Thank you for your wonderful news site, which I enjoy immensely. As I have read some insightful hashkafic discussions here on Matzav.com, I’d like to share a brief question I have had, which I believe is relevant now as we approach the Yom Hadin of Rosh Hashanah. Perhaps your readers can shed some light on this.
In short, my question is as follows. If I sin, if I commit an aveirah, why is that not indicative of a total lack of emunah and bitachon on my part? Or is it? That is, if I believe, with total faith, in the Ribono Shel Olam and His Torah, how can I possibly go ahead and commit an aveirah? Obviously, I am not talking about where someone does an aveirah by mistake. I am talking about where someone finds it too difficult to adhere to a certain halacha or to refrain from a certain aveirah because his yeitzer harah overpowers him. If a person truly believes in the Ribono Shel Olam, how could he ever commit an aveirah?
Let me give a moshol. We all know that if a person walks in front of a bus that is moving at 60 mph, he will likely get killed. At best, he’ll be severely injured. We know it. There’s no question about it. No one in their right mind would walk in front of a moving bus, because they believe and know that it will harm them or kill them. Now, let us say that there was a tremendous amount of money, or some other desirable thing, on a highway, and a person’s only opportunity to retrieve that money or item is just as a large bus is going to be zooming by at 70 mph. Is there any chance that the person will walk in front of the bus? Not a chance. One knows that doing so will automatically cause him harm, and no amount of money will convince him to put himself in harm’s way.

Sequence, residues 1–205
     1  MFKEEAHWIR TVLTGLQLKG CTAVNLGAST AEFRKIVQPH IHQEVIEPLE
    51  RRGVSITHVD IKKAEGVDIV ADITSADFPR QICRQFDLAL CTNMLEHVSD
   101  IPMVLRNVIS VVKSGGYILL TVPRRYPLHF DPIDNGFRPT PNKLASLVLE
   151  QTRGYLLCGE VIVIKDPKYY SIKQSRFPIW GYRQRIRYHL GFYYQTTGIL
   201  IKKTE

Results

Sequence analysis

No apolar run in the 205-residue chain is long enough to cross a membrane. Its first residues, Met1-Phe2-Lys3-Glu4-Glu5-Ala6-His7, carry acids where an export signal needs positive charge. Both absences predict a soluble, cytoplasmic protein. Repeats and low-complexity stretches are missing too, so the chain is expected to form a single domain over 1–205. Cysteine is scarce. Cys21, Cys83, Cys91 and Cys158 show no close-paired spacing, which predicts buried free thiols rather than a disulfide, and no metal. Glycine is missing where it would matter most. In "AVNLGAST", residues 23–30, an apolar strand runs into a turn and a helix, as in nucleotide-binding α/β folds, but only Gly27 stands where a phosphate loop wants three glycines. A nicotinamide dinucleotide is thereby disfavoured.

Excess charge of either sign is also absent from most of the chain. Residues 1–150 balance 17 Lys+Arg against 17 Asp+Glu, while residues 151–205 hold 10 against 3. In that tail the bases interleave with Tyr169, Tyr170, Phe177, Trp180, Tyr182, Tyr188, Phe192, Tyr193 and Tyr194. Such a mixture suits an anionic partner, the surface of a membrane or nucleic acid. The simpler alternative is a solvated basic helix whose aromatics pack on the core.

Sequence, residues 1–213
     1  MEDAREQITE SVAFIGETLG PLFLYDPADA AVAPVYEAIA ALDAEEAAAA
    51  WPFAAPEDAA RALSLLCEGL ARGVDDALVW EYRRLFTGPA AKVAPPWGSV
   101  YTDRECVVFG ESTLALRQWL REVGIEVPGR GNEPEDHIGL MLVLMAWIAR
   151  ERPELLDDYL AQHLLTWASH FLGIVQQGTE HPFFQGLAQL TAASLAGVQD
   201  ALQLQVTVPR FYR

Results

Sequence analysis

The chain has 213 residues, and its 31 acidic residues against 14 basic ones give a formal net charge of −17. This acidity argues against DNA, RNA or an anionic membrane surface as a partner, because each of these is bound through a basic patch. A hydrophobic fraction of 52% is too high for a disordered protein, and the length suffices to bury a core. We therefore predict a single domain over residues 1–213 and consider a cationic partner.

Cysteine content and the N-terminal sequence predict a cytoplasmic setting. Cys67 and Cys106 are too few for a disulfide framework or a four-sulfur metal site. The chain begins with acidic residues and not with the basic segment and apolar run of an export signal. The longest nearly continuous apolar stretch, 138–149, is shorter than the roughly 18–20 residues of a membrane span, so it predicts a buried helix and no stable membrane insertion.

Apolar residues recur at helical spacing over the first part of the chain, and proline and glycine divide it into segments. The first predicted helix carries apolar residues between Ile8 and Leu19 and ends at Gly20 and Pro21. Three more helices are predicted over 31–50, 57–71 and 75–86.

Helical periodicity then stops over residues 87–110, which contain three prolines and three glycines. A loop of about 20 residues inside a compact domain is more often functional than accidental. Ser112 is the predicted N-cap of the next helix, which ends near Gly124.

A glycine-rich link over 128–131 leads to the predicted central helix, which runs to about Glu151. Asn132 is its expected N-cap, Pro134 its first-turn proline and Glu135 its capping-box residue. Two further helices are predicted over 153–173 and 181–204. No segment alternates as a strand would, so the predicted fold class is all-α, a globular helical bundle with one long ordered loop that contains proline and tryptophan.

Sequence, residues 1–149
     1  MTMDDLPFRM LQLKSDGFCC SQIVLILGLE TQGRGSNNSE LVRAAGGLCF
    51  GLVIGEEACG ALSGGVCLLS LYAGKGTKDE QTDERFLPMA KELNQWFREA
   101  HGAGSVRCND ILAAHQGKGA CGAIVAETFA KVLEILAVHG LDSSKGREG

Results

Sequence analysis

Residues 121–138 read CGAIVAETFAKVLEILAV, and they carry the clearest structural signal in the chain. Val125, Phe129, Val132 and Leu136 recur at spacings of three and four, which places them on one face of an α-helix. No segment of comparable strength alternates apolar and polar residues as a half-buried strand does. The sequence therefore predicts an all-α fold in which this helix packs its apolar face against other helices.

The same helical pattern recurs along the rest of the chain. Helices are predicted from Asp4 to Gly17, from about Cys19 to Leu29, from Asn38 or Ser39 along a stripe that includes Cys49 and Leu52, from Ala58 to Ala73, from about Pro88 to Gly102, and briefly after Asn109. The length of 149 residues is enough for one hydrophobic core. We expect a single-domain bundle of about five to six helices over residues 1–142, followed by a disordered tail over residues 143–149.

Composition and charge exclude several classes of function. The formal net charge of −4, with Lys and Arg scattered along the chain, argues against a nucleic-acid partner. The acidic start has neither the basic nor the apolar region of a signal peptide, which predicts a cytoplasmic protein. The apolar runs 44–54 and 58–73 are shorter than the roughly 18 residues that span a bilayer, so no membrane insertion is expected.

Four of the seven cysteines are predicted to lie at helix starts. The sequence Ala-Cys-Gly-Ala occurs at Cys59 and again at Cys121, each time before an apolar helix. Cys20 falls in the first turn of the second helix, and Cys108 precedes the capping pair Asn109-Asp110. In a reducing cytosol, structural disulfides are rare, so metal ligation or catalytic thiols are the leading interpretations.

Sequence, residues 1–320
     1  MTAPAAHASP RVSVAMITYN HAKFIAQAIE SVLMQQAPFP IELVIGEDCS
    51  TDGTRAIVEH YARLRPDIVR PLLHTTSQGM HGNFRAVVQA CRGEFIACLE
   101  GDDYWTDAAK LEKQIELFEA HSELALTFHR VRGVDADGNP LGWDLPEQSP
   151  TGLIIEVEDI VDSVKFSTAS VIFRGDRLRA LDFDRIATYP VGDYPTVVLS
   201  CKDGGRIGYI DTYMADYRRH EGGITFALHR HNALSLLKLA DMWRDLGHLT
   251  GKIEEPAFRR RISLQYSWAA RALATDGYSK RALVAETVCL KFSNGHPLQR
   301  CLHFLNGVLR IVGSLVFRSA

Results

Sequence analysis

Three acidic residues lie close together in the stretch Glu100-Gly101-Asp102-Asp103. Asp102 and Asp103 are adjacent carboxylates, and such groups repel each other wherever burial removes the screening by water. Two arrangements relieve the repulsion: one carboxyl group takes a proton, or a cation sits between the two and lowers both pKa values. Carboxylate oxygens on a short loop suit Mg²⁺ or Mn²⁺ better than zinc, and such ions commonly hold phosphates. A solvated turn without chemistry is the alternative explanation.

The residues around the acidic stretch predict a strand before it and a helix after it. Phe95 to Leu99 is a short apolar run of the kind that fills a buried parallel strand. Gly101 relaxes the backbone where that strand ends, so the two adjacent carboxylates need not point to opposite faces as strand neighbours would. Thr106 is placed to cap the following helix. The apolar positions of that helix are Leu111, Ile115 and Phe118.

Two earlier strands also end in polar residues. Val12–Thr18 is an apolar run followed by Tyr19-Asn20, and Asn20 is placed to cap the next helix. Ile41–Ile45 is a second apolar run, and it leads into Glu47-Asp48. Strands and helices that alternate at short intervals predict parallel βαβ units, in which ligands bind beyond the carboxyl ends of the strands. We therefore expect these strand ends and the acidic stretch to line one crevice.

Applying this to our discussion, if we truly believed that disobeying the Torah does us harm – no less than walking in front of a moving bus – then why isn’t committing an aveirah and ignoring a mitzvah an indication of a lack of belief? After all, if we truly believed – just like we truly know that a moving bus will kill – would we ever let our desires overpower our seichel?
I know some Matzav.com readers might read this letter and laugh it off. But I am asking a serious emunah and bitachon question that might be bothering others as well. (There’s a whole other issue of what the difference between emunah and bitachon is. I don’t know the answer to that either.)
Any insight into my question here would be greatly appreciated. (And if you feel my analogy to the moving bus is not a good one, my question can be considered without the analogy too.)
A Matzav.com Fan